Africans have traded raw and carved ivory for centuries. Its lustrous sheen makes it desirable, as does the brute majesty of its source: Africa is home to the world’s largest elephants. Across continents, ivory objects are used in rituals—rites of prestige and pageantry rolled into one. Desired by a range of bodies—political, social, medicinal, religious—ivory sparks discussion of history and debates about ecological and wild-life preservation.
This exhibition showcases works donated by Justin and Elisabeth Lang. Visitors will discover how Africans have used ivory to teach morality, convey social standing, heal wounds, safeguard communities and commercially profit.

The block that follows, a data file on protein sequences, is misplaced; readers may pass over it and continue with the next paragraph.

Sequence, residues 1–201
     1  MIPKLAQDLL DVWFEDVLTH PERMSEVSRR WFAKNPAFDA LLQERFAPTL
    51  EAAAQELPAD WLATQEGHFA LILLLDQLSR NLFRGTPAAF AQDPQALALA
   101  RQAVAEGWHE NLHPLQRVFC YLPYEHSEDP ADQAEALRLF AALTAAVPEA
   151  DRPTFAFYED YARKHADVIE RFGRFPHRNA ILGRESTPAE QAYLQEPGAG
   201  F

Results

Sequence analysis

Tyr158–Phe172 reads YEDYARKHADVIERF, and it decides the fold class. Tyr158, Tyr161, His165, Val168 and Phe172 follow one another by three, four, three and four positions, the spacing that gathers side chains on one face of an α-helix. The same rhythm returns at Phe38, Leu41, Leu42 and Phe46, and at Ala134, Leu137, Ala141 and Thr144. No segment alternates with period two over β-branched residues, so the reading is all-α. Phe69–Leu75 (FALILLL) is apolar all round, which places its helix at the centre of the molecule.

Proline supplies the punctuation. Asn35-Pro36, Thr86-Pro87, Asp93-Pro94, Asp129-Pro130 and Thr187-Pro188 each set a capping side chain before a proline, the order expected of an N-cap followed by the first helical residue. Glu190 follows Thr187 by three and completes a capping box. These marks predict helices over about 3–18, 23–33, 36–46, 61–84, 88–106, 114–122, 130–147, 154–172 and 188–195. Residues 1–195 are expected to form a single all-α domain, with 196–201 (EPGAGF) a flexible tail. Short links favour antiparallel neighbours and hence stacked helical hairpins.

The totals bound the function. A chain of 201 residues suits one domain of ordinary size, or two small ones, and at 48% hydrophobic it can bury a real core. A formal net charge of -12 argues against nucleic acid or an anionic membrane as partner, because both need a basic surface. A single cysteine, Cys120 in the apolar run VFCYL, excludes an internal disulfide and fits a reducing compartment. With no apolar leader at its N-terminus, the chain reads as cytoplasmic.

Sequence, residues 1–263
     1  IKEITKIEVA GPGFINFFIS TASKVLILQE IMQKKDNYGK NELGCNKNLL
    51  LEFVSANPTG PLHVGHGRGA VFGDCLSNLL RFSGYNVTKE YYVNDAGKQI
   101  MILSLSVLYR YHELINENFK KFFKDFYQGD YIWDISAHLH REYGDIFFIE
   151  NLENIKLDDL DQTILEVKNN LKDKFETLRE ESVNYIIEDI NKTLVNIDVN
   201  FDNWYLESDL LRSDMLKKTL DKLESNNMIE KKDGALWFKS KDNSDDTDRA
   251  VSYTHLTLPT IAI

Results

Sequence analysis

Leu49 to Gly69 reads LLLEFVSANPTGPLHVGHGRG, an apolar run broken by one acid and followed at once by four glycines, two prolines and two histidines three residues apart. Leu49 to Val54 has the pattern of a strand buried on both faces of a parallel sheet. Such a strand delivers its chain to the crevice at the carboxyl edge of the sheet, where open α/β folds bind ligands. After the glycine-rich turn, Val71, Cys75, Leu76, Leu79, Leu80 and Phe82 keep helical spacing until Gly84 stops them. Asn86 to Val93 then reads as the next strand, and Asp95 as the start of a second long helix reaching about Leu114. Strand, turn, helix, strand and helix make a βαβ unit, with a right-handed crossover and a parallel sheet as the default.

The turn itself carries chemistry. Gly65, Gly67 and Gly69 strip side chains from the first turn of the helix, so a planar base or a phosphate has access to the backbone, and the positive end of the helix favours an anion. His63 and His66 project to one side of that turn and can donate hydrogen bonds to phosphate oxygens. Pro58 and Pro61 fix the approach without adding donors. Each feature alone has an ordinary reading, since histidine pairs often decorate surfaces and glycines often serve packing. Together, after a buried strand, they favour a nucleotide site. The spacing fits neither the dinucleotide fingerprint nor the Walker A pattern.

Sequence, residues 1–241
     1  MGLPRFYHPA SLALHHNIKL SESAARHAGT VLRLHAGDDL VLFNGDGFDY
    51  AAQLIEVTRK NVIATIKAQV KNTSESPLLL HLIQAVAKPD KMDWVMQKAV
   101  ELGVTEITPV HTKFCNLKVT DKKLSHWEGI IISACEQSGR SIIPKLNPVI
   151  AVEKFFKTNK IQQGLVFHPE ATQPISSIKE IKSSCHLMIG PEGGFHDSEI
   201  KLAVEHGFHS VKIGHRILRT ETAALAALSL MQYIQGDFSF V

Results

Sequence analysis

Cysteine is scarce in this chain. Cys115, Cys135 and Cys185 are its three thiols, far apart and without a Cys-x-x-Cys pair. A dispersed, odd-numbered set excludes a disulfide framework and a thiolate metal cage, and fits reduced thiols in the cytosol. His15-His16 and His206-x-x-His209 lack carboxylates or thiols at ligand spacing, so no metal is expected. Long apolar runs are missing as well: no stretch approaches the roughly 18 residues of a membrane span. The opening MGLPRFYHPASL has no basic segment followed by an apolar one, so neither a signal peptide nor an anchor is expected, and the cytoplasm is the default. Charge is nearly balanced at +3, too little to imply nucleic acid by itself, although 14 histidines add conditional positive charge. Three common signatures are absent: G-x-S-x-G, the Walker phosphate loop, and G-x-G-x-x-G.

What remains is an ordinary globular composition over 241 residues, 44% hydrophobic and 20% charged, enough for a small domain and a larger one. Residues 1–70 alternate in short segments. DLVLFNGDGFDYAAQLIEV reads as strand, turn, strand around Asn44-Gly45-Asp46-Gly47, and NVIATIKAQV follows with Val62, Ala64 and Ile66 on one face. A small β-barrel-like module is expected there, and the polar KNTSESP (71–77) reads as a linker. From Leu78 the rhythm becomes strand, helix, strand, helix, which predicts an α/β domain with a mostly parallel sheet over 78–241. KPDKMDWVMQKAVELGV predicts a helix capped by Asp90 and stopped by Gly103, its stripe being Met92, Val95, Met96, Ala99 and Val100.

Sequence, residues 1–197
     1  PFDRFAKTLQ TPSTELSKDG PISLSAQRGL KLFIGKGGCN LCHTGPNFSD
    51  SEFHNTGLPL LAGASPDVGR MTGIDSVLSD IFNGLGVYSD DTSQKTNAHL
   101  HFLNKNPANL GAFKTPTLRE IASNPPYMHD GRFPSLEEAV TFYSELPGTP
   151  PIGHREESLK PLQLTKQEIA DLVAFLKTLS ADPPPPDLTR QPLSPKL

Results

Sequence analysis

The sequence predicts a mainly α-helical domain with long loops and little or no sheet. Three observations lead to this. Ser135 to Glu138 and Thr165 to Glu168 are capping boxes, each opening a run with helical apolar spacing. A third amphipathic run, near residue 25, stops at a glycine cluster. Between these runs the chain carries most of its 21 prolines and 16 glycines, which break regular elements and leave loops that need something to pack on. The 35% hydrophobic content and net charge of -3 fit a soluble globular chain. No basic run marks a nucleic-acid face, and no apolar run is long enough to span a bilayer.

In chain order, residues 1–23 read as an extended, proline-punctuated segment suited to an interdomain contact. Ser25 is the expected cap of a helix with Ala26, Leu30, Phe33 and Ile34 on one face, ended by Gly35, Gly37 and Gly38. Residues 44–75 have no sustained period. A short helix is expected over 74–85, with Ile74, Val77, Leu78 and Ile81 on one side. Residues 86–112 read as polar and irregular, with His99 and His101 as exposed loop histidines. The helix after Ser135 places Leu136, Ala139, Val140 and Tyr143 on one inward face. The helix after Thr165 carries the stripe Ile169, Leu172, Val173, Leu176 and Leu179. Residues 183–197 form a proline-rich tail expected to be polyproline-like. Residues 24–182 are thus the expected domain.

Dr Shannen Hill is Research Associate at the Smithsonian’s National Museum of African Art and President of the Arts Council of the African Studies Association. She is author of Biko’s Ghost: The Iconography of Black Consciousness (2015) and a former Fellow of the J. Paul Getty Foundation and the Smithsonian Institution.
Yoruba Artist, Nigeria, Iroke Ifa (Divination Tapper), ivory. Gift of Justin and Elisabeth Lang, 1984 (M84-435) Photo: Bernard Clark
Igbo Artist, Nigeria, “Spirit Elephant” Headdress (Ogbodo Enyi), 20th century, wood and pigment. Gift of Justin and Elisabeth Lang, 1984 (M84-168)
“Today, museums worldwide are home to thousands of ivory objects carved by artists from nearly every continent. These objects are multiple things at once. They are works of art, whether exquisitely carved or roughly hewn, and they are lessons in history both local and global.”